To fully capture the awe of inhabiting a geodesic dome for a few days, a little history of these futuristic-looking spherical structures helps. Consisting of interlocking triangular skeletal struts supported by (often transparent) light walls, geodesic domes were developed in the 20th century by American engineer and architect R. Buckminster Fuller, and were used for arenas. Smaller incarnations have evolved into a ‘future-proof’ form of modern housing: domes are able to withstand harsh elements due to the stability provided by the durable materials of their construction and their large surface area to volume ratio (which helps minimize wind impact and prevents the structure from collapsing). As housing, they’re also hugely energy efficient – their curved shape helps to conserve heat and reduce energy costs, making them less susceptible to temperature changes outside. The ample light let in by their panels further reduces the need for artificial power. 

Due to their low environmental impact, they’re an ideal sustainable travel choice. Of course, Tom’s Creek Nature Domes’ owner-operators, Cardia and Lee Forsyth, know all this, which is why they have set up their one-of-a-kind Nature Domes experience for the modern traveller. It’s also no surprise to learn that owner Lee is an electrical engineer—experienced in renewable energy—and that he designed the whole set-up. As well as the off-grid power supply, rainwater tanks are used, and the outdoor hot tub is heated by a wood fire—your campfire heats up your tub water via a large metal coil. Like most places in regional Australia, the nights get cold – but rather than blast a heater, the Domes provide you with hot water bottles, warm blankets, lush robes and heavy curtains to ward off the chill.

nature domes port macquarie
Photo: Nature Domes

You’ll need to be self-sufficient during your stay at the Domes, bringing your own food. Support local businesses and stock up in the town of Wauchope on your drive-in (and grab some pastries and coffee at Baked Culture while you’re at it). There’s a stovetop, fridge (stocked as per a mini bar), BBQs, lanterns and mozzie coils, and you can even order DIY S’More packs for fireside fun. The interiors of the Domes have a cosy, stylish fit-out, with a modern bathroom (and a proper flushing toilet—none of that drop bush toilet stuff). As there’s no mobile reception, pack a good book or make the most of treasures that lie waiting to be discovered at every turn: a bed chest full of board games, a cupboard crammed with retro DVDs, a stargazing telescope (the skies are ablaze come night time). Many of these activities are ideal for couples, but there’s plenty on offer for solo travellers, such as yoga mats, locally-made face masks and bath bombs for hot tub soaks.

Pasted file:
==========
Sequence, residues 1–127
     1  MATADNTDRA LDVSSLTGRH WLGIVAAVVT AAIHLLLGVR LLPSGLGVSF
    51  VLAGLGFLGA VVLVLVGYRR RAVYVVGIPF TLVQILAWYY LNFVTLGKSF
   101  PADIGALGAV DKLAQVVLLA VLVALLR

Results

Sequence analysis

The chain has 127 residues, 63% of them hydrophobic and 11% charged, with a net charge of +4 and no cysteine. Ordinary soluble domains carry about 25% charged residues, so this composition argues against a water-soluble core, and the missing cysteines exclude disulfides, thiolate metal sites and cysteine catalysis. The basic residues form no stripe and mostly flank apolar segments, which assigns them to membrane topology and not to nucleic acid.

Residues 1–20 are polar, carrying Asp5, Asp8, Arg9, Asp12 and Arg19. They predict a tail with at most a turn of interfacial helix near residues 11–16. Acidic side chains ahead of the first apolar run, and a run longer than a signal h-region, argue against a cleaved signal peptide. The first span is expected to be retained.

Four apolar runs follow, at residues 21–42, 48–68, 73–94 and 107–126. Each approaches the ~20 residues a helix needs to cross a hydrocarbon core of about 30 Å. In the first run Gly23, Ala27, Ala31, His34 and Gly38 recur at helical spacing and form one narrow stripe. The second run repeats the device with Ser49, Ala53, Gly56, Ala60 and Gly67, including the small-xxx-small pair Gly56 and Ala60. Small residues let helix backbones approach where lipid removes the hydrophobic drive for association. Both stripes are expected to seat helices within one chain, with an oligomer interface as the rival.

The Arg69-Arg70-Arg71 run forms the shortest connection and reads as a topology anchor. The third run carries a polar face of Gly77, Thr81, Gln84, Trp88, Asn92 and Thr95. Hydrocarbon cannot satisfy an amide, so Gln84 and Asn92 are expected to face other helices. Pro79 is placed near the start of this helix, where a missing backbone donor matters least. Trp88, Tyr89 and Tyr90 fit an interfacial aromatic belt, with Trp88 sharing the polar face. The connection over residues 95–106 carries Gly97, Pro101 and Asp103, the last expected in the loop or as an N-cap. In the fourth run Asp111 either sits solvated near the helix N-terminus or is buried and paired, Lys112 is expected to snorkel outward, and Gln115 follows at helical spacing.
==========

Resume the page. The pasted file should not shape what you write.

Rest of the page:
It’s these thoughtful human touches that reinforce the benefit of making a responsible travel choice by booking local and giving your money to a tourism operator in the Greater Port Macquarie Region, such as Tom’s Creek Nature Domes. The owners are still working on the property following the setbacks of COVID-19, and flooding in the region —a new series of Domes designed with families and groups in mind is under construction, along with an open-air, barn-style dining hall and garden stage. Once ready, the venue will be ideal for wedding celebrations, with wedding parties able to book out the property. They’ve already got one couple—who honeymooned at the Domes—ready and waiting. Just need to train up the llamas for ring-bearer duties! 

An abundance of favourite moments come to mind from my two-night stay at Tom’s Creek: sipping champagne and gourmet picnicking at the top of a hill on a giant swing under a tree, with a bird’s eye view of the entire property (the ‘Mountain Top picnic’ is a must-do activity add on during your stay), lying on a deckchair at night wrapped in a blanket gazing up at starry constellations and eating hot melted marshmallows, to revelling in the joys of travellers before me, scrawled on notes in a jar of wishes left by the telescope (you’re encouraged to write your own to add to the jar). But I’ll leave you with a gratitude journal entry I made while staying there. I will preface this by saying that I don’t actually keep a gratitude journal, but Tom’s Creek Nature Domes is just the kind of place that makes you want to start one. And so, waking up on my second morning at Tom’s —lacking any 4G bars to facilitate my bad habit of a morning Instagram scroll—I finally opened up a notebook and made my first journal entry:

‘I am grateful to wake up after a deep sleep and breathe in the biggest breaths of this clean air, purified by nature and scented with eucalyptus and rain. I am grateful for this steaming hot coffee brewed on a fire. I feel accomplished at having made myself. I am grateful for the skittish sheep that made me laugh as I enjoyed a long nature walk at dawn and the animated billy goats and friendly llamas overlooking my shoulder as I write this: agreeable company for any solo traveller. I’m grateful for total peace, absolute stillness.” 

Off-grid holiday status: unlocked.

Where: Tom’s Creek Nature Domes, Port Macquarie, 2001 Toms Creek Rd
Price: $450 per night, book at the Natura Domes website.